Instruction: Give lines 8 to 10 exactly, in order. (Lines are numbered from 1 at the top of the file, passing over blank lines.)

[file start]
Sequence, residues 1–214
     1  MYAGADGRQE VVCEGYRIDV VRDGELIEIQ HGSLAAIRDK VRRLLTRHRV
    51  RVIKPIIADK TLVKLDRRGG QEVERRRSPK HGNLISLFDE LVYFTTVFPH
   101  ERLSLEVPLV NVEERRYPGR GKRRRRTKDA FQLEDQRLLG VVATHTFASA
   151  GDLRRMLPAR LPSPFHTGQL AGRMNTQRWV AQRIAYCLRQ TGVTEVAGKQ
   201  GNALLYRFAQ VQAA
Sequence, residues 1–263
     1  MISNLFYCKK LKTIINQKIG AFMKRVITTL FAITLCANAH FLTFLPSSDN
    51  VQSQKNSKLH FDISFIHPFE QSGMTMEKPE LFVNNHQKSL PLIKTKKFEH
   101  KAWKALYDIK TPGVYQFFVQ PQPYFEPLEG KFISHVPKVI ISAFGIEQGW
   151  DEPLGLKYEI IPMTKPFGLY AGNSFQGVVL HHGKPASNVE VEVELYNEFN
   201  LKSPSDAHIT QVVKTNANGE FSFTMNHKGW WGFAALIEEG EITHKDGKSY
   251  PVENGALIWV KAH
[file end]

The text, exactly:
     1  MISNLFYCKK LKTIINQKIG AFMKRVITTL FAITLCANAH FLTFLPSSDN
    51  VQSQKNSKLH FDISFIHPFE QSGMTMEKPE LFVNNHQKSL PLIKTKKFEH
   101  KAWKALYDIK TPGVYQFFVQ PQPYFEPLEG KFISHVPKVI ISAFGIEQGW